The Creation in Science and Orthodoxy – Part I17 March 2014
It’s astonishing how, in our own day and age, the description of the Creation in Holy Scripture has come to coincide with that of modern science. Especially as regards the initial period, where the contributory science is only physics, the scientific description is consistent, even down to the details, with the description in Genesis concerning “day one”, though this is a text written more than 3,500 years ago. And it’s even more remarkable that this agreement began to become apparent only after 1920. Until then, science believed that the universe had no beginning. It was only after 1963 that a beginning for the universe started to become accepted. And in recent years (end of 20th– beginning of the 21st centuries) the age of the universe has been measured and has been found to be about 13.8 billion years.
Since I shall be saying a lot about this unique day one, let us begin with the wonderful Scriptural description.
“In the beginning, God created the heavens and the earth. The earth was without form and void, and darkness was over the face of the deep. And the Spirit of God was hovering over the face of the waters. And God said, “Let there be light,” and there was light. And God saw that the light was good. And God separated the light from the darkness. God called the light Day, and the darkness he called Night. And there was evening and there was morning, the first day (Gen.1, 1-5).
So nothing pre-existed. Time, as understood by our science, was created and started running with “in the beginning”. During the creation of the angels, which certainly preceded, there was probably no time as we conceive of it today. There would have been another kind of time, though. But the Lord Jesus was “begotten from the Father before all ages”. Before any kind of time was created and began running, the Son was begotten- not made.
But space (the heavens) also started to be created “in the beginning”. The image we have of space today began from General Relativity and the research of those pictured in Fig.1. Later, I shall try to explain their work, which was named the Big Bang theory. Before doing so, however, I should like to stress that the creation of primitive matter and energy occurred at the same time as that of space. Matter and energy are one and the same in General Relativity. So when we talk about matter, we simultaneously mean energy. The heavens, then, in Holy Scripture, is space and (in the interpretation which we shall follow in this article), primitive matter-energy is the unformed earth. Both of these were created together, in the beginning.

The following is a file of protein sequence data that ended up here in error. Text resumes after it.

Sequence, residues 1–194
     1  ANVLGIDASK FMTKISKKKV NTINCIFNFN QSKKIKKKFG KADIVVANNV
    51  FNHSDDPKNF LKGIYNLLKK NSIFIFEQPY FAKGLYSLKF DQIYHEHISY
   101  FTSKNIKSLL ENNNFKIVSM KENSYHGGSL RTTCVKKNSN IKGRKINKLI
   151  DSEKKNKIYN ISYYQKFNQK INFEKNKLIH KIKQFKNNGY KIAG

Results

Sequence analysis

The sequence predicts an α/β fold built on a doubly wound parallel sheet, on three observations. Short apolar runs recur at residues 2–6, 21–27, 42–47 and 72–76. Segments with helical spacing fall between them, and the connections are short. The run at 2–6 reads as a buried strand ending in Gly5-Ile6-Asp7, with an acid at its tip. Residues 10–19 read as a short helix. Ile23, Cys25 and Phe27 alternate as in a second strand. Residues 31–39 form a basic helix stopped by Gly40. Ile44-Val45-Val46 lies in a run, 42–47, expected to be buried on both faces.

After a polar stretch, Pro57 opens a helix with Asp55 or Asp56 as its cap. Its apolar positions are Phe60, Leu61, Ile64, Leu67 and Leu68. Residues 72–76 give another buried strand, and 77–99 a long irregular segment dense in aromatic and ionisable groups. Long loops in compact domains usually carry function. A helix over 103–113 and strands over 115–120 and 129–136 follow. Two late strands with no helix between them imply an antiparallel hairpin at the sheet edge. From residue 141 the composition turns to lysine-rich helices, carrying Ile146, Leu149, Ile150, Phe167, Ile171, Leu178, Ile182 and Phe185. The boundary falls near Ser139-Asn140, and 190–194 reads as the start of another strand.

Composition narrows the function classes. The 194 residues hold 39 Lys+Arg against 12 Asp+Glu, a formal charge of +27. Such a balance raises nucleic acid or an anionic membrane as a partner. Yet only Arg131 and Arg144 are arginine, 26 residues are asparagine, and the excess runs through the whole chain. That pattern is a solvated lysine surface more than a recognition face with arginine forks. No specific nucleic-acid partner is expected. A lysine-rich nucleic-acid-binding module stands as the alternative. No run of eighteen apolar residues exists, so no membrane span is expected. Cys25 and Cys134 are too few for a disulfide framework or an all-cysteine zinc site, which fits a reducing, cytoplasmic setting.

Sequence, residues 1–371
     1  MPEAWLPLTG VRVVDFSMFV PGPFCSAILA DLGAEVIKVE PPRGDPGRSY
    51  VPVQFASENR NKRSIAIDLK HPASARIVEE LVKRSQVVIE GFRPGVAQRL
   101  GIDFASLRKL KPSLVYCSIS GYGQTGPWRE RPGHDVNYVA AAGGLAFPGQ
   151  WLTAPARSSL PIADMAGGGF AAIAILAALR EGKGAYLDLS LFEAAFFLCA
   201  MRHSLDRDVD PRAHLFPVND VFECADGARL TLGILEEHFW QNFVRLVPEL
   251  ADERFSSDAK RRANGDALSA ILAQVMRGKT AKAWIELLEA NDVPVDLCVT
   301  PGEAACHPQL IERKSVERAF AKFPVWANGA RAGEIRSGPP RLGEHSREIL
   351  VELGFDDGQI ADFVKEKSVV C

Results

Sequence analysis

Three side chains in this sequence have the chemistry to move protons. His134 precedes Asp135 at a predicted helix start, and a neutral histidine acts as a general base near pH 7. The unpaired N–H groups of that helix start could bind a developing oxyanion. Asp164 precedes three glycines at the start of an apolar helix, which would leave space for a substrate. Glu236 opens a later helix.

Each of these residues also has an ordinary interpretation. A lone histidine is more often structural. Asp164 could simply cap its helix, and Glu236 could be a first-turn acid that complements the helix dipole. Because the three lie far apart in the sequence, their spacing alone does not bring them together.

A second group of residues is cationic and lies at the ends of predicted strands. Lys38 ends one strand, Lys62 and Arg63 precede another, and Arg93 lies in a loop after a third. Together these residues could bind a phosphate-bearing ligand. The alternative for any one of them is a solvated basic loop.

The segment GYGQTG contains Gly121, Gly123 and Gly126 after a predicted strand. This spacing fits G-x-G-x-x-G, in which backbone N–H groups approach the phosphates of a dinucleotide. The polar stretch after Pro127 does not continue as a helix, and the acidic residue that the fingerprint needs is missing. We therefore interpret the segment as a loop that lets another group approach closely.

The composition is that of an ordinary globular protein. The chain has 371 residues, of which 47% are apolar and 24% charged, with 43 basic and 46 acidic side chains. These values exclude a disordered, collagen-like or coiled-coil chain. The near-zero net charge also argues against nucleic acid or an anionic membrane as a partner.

In the Big Bang, what explodes and created through the explosion, is space. In the beginning, the whole space of the universe was an infinitesimally small speck, within which all the matter-energy was gathered, with tremendous density and pressure. Suddenly, at time zero, the various parts of the speck began separating out and the speck expanded. In the beginning, very violently, later less so. Even today, this initial tiny speck, which now has reached enormous dimensions, continues to grow and the universe is expanding. And we can see and measure it.
The whole phenomenon is extremely unstable, like balancing a pencil on the edge of a table. If you just touch it, it falls. If the initial density values of matter-energy or of pressure deviate just slightly from the ones desired, it would be impossible to create a space that lasted at least as long as ours has. And even if, at the start, some space had been created, these minute differences would have quickly forced it to begin to contract, so that it would again have been reduced to an infinitesimally small speck, as it was initially. The universe would have died without managing to acquire stars or to support life.
But space in our universe survived. At least we know that it has survived for 13.8 billion years and has managed to support human life.But before proceeding to an interpretation of the Scriptural description, let’s see, in pictures, some of the characteristic features of our universe. First, planet Earth (Fig. 2) It has a radius of some 6,000 kilometres, which is about 100 times less than that of the Sun. From a distance, our Earth looks like a beautiful, blue speck. Generally, the planets revolve around stars (such as the Sun), forming planetary systems. The planetary systems have a tendency to form galaxies. Since the planets don’t have their own light and their masses are generally negligible, only stars (Suns) appear in pictures of galaxies. Figure 3 shows our own galaxy, as it would be seen by an observer who was outside it. The different specks represent stars-suns, gases and dust. On this scale, the planets aren’t apparent. Our sun is indicated with the yellow arrow.
 For the measurement of time, we’ve used the clock incorporated in General Relativity.